This is definitely one case that still fascinates me, even after all these years !!
It happened on April 24, 1964, just outside a small town called Socorro in the State of New Mexico, USA:
Was it a US made experimental craft? I doubt it.
Was it NASA’s Lunar Module? I highly doubt it.
(NASA would never mistakenly or even intentionally test fly its Lunar Module way beyond its test range and land on a populated area)
Was it a prank orchestrated by some college students of nearby NEW MEXICO TECH, as some researchers such as Anthony Bragalia and Frank Stalter later started claiming?
I am quite skeptical that it was a college students’ prank, even after reading such theories as posted in:
“If it was a college students’ prank, how such a hoax might be pulled off has never been fully explained. Some claim that a rear projection device was stolen from the college on the day of the Zamora UFO incident. However, it is not likely that a rear projection device would have been of any use in creating an illusion in the desert in full sunlight. While we might suppose that two students wearing white coveralls may have made some marks in the ground and released a helium balloon when Zamora arrived, it is difficult to see how they removed themselves from the scene before Officer Chavez arrived minutes later.”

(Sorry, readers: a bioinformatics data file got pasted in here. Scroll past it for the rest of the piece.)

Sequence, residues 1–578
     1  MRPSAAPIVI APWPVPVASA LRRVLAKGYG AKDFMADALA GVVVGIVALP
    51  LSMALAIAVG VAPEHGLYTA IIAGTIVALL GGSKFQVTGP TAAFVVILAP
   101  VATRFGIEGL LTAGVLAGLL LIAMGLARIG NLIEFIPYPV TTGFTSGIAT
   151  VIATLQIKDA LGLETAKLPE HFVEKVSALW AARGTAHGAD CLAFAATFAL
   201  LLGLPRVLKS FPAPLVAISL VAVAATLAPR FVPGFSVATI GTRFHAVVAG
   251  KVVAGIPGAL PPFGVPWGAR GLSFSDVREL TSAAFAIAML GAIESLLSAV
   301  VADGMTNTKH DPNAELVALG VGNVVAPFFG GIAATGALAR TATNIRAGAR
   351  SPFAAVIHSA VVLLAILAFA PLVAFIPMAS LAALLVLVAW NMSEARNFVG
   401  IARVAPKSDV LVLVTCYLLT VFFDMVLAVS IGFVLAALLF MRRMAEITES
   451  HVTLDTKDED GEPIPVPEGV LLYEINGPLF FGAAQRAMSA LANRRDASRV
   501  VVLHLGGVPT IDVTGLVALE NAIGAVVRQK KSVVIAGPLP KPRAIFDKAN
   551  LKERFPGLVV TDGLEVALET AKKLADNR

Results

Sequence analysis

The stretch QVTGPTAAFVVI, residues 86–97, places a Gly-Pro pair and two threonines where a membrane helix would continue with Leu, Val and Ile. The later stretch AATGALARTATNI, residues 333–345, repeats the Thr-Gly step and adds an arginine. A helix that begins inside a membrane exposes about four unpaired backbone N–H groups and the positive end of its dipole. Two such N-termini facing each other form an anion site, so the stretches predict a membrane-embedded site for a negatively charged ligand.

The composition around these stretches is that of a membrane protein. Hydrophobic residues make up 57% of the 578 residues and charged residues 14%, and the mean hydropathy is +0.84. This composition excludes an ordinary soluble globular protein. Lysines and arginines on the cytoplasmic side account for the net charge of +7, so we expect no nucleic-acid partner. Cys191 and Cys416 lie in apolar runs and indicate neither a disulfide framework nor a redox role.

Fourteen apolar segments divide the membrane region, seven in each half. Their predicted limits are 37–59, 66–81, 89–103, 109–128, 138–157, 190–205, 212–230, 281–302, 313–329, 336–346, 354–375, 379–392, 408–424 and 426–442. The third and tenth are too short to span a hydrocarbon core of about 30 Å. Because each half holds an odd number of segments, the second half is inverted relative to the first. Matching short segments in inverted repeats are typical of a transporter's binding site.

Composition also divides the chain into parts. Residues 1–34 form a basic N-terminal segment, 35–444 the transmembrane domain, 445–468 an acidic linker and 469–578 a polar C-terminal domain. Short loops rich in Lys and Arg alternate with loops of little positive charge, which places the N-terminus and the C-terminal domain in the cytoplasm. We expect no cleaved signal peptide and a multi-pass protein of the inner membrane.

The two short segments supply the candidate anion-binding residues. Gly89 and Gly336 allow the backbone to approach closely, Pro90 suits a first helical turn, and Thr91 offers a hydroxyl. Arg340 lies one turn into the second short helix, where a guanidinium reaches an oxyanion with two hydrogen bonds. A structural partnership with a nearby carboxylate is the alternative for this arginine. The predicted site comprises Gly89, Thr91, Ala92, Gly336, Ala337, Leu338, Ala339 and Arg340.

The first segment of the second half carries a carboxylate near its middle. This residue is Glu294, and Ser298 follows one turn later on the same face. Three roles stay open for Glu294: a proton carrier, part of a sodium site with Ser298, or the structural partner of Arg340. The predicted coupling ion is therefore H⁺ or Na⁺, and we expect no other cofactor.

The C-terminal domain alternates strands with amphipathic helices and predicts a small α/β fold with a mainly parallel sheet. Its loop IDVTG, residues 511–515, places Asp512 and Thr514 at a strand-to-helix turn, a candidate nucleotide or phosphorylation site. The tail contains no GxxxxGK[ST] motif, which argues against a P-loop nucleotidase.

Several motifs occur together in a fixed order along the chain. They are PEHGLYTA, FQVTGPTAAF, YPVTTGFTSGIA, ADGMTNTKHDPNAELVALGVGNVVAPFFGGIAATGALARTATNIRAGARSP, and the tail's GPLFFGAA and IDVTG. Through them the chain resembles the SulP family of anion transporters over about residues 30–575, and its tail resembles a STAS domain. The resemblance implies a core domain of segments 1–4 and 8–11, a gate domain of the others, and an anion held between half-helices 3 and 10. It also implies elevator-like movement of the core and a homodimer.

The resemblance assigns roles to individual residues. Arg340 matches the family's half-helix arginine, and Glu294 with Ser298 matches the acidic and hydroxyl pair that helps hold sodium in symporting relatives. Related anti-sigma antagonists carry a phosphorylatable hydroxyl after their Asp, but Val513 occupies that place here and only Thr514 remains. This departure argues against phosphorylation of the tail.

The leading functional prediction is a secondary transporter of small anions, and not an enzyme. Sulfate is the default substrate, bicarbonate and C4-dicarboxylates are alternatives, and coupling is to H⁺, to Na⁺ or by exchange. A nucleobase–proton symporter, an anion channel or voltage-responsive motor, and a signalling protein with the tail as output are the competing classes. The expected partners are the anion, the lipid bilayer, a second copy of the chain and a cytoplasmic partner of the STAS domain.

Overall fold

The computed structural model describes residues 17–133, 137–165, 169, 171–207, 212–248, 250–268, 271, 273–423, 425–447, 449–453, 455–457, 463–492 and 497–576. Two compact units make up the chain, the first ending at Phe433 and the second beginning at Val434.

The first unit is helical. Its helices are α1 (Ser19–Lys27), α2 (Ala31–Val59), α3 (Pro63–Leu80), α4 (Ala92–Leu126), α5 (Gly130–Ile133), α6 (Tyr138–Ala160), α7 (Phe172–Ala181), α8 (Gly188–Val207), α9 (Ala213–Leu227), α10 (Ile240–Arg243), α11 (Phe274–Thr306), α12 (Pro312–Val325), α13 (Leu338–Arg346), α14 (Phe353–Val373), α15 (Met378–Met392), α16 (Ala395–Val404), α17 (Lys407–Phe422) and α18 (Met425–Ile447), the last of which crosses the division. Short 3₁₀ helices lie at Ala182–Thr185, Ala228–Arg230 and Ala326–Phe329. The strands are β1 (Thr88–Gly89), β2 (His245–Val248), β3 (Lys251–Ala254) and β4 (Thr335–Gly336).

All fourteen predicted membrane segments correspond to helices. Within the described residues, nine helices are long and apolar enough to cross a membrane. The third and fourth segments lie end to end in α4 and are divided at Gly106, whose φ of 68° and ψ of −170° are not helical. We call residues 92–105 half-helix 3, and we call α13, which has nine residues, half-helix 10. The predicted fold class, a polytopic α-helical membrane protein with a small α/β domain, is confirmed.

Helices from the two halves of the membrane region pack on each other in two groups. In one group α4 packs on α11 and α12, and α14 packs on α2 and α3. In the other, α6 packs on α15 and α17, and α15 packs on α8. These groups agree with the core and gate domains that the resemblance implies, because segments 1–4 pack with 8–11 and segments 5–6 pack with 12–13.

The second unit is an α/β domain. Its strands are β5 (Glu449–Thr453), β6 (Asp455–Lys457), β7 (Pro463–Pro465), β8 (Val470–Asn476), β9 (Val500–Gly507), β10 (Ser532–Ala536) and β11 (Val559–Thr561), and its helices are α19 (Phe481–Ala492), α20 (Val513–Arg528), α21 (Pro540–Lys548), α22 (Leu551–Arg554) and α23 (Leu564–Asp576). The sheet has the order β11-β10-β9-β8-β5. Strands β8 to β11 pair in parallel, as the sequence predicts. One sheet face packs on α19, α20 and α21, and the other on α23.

Could a bunch of students develop a shiny, polished metallic oval object that could take off into the distant sky at an incredible rate of speed as was described by experienced law enforcement officer, Lonnie Zamora?
Or, was this a ‘mischievous’ but purposefully staged event orchestrated not by some college students but by some unknown paraphysical entities who, for some inexplicable reason, suddenly materialized themselves, temporarily breaking through the barrier of dimension and presented to a “pre-selected” observer – i.e., officer Zamora – – a staged scenario, as if he were watching an extraordinary extraterrestrial type of visitation?